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Borton-Lawson

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    6. Borton-Lawsons Green Story Strive to be energy conscious and look for most efficient ways to design projects. Dedicated to minimizing energy consumption, reducing emissions, shrinking carbon footprint. Sponsoring EDSGN 100 Project just another step in maintaining balance between economic growth and environmental stewardship. Some example energy efficient projects completed by Borton-Lawson:

    7. Pine Street Revitalization Pine Street Neighborhood Revitalization located in Hazleton, PA commercial/residential area became largely vacant over the last decade. Used green technology to create highly efficient heating, cooling, ventilation, lighting and appliances can provide energy cost savings of about 30% over standard construction. Used photovoltaic systems on the southern-sloped roofs. Net metering allows residents the ability to transfer surplus energy to the local utility. 2008 Governors Award Winner for Environmental Excellence

    8. Pine Street Revitalization

    9. Pine Street Revitalization

    10. Geisinger Buckhorn Office Building

    11. Steam System Audits U.S. Department of Energy Steam System Assessment Tools (SSST & SSAT) Industry professionals recognized as Qualified Specialists by the DOE after training class and rigorous exam. Qualified Specialists develop approximate models of real steam systems. Using these models, specialists apply SSST & SSAT to quantify the magnitude energy, cost, and emissions-savings of key potential steam improvement opportunities. Specialists apply this tool to help their plant or industrial customers identify ways to improve steam system efficiency.

    12. Steam System Audits

    13. Energy Cost Increases on the Horizon Electric Rate Caps Removal in Pennsylvania Rate caps froze electric rates at 1990s levels and were imposed on utilities as part of a deregulation designed to deliver lower bills in a competitive marketplace. Competition, however, has not flourished. In the last 10 years, environmental factors for electric generation and the prices of natural gas and coal have doubled both of those products are fuels used in the generation of electricity. While Pennsylvania consumers rates are capped, the market prices for electricity have risen just as the prices of other goods and services have risen, but electric rates were capped. Pennsylvanians could see home electric bills rise 40, 50 or even 60 percent by the time decade-old rate caps expire in the next few years.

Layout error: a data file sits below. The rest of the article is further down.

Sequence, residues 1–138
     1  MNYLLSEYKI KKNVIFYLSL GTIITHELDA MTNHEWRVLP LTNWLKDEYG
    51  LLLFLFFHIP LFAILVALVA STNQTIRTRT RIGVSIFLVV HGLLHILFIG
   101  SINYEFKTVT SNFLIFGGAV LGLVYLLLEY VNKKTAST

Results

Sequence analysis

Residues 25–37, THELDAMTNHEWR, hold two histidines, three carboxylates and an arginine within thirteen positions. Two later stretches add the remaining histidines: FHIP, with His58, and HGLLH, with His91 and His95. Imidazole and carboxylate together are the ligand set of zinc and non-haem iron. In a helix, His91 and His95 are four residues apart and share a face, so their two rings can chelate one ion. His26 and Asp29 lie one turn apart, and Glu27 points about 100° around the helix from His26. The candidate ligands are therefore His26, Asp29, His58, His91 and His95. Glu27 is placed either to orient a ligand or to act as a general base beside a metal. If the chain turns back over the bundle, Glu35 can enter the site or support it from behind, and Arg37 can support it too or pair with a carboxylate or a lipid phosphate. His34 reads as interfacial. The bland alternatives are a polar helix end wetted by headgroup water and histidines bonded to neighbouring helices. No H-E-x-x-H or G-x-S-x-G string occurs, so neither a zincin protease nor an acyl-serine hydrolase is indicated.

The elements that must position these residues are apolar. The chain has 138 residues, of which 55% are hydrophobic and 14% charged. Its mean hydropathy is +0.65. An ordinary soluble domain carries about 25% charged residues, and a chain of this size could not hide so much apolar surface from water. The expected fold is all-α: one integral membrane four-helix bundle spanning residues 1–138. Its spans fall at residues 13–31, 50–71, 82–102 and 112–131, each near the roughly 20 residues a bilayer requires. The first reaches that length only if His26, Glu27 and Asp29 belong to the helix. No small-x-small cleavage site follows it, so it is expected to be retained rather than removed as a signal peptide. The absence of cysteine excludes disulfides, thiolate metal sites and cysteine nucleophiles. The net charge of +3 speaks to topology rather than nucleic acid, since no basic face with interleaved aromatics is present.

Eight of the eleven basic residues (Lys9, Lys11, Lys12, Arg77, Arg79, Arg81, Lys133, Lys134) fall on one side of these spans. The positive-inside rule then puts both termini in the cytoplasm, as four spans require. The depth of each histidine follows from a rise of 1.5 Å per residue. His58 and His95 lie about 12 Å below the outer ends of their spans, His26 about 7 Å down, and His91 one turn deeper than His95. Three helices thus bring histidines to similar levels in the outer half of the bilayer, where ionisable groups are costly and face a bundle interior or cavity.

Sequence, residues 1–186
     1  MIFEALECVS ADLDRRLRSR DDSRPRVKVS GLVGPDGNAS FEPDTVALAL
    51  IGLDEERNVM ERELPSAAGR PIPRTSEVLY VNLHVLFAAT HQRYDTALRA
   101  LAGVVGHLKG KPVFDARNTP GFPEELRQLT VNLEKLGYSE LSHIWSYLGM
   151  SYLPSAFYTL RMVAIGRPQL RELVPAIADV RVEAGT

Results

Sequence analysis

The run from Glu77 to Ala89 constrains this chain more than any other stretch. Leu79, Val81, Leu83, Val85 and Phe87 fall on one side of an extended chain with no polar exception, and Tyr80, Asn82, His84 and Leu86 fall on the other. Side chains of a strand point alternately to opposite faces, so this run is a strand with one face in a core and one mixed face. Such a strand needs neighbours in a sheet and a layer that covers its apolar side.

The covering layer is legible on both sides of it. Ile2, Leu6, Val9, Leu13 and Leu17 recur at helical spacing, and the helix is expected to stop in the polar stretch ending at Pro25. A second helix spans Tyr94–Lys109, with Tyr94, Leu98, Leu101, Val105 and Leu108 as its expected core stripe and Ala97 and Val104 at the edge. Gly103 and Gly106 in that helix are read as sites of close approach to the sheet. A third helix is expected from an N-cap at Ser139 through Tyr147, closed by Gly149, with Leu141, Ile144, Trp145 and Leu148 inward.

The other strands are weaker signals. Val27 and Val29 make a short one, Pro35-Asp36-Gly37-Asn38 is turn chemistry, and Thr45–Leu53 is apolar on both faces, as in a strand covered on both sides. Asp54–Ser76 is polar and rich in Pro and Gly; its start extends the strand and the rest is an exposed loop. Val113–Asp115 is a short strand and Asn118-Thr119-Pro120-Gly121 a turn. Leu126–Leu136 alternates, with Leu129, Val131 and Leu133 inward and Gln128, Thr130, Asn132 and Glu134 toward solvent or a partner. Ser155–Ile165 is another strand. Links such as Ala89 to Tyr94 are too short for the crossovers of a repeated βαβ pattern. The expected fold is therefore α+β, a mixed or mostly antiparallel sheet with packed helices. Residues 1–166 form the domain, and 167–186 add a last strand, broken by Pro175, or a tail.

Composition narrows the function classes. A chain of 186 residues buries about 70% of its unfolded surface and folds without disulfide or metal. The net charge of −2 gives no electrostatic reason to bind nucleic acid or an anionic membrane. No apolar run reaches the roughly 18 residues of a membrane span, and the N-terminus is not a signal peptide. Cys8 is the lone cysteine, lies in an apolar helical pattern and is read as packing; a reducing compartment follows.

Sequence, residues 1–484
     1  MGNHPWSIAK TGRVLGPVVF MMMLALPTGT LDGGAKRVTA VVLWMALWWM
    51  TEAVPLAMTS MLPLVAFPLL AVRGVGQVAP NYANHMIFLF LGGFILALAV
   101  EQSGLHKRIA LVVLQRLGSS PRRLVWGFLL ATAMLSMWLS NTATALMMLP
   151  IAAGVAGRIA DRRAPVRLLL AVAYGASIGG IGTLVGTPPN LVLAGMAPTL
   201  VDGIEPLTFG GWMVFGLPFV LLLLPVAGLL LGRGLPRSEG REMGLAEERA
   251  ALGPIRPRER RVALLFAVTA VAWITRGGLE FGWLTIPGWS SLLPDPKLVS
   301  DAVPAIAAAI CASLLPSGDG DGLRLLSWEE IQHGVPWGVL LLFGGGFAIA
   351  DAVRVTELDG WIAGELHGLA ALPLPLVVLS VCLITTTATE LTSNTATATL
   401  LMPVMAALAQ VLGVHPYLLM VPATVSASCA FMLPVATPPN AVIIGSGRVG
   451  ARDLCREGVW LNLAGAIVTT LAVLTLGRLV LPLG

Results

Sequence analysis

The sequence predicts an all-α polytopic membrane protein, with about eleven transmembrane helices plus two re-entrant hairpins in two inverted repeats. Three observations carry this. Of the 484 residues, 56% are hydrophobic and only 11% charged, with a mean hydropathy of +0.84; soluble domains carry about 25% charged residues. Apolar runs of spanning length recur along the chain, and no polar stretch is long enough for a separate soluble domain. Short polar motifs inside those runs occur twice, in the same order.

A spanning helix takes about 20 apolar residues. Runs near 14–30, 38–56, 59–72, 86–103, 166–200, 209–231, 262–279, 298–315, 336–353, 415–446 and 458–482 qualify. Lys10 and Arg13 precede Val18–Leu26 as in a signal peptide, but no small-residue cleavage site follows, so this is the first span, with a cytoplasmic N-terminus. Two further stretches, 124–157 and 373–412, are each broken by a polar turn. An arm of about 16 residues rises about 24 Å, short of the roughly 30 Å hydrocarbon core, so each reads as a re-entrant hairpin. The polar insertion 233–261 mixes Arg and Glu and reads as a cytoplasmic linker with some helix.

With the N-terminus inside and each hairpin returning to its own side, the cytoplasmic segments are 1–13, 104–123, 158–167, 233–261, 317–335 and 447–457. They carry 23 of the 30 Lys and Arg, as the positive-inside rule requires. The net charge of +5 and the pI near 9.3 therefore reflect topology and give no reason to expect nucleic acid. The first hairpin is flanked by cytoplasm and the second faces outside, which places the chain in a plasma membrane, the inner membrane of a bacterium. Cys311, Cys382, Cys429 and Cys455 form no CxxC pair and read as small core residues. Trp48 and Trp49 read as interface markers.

14. Solar Decathlon Overview

    15. PSUs Morning Star Home See http://solar.psu.edu for project info Whats a Decathlon about it? Architecture 200 points Dwelling 100 points Documentation 100 points Communications 100 points Comfort Zone 100 points Appliances 100 points Hot Water 100 points Lighting 100 points Energy Balance 100 points Getting Around 100 points

    17. Whats the Solar Resource?

    18. Seasonal Averages

    19. Estimating Photovoltaic (PV) Output PVs rated in power output when illuminated with 1,000 W/m2 of sunlight Output varies in direct proportion to sunlight intensity Therefore, power output is estimated using average solar radiation energy data and converting it into equivalent hours at a power of 1,000 W/m2

    20. Estimating PV Output

    21. EDSGN 100 Projects Nexus: Technical Core BIPV: Building Integrated PV Solar Clothes Drying Daylighting

    31. A Systematic Approach Identify services/functions Identify & characterize subsystems Consider how to minimize loads Consider how to reclaim energy & materials Consider how to use natural principles and sustainable materials Analyze performance of concepts Consider the bigger pictures

    32. Project A: Technical Core

    33. Project B: Building Integrated PV

    34. PV comes in 3 basic types

    35. BIPV on Roofs Considerations for mounting rooftop PV system: Module physical and electrical characteristics 2. Array thermal and electrical performance 3. Array orientation, location and site conditions 4. Roofing and structural-related issues 5. Building thermal performance 6. Weather sealing 7. Electrical integration 8. Installation, labor, and maintenance 9. Materials and environmental compatibility 10. Aesthetics and architectural integration 11. Economic factors and costs

    36. Steps in designing a BIPV system

    37. BIPV Challenges Solar D house needs lots of power, ?c-Si or p-Si is needed c-Si & p-Si panels work better when cooler Individual cells or modules can be integrated with windows (wires?) Shadows are bad

    38. Grid-tied PV System

    39. Project C: Solar Clothes Dryer Electric clothes dryers use 900-1500 kwh/year At $0.10/kwh, costs $90-$150/year (cost will be even higher after electric rate caps are removed) The dryer is typically the second-biggest electricity-using appliance after the refrigerator Solution

    40. Project C: Solar Clothes Dryer

    41. Project C: Solar Clothes Dryer Deliverables: Physical scale model (1=1) 3D CAD model Thorough analysis of the operation and material and energy balances, and A complete description of the design and its development.

    42. Project D: Daylighting Leads to health and productivity Offsets electric lighting Challenging due to variability in intensity and direction of sunlight

    43. Daylighting Tradeoffs Natural light is let in with windows and skylights, using less electricity for light

    44. Project D: Daylighting Deliverables: Research into effective techniques for daylighting, Experimentation with scale models, Analysis with spreadsheets and other software, 3D CAD model, Comprehensive final report.

    45. Questions ?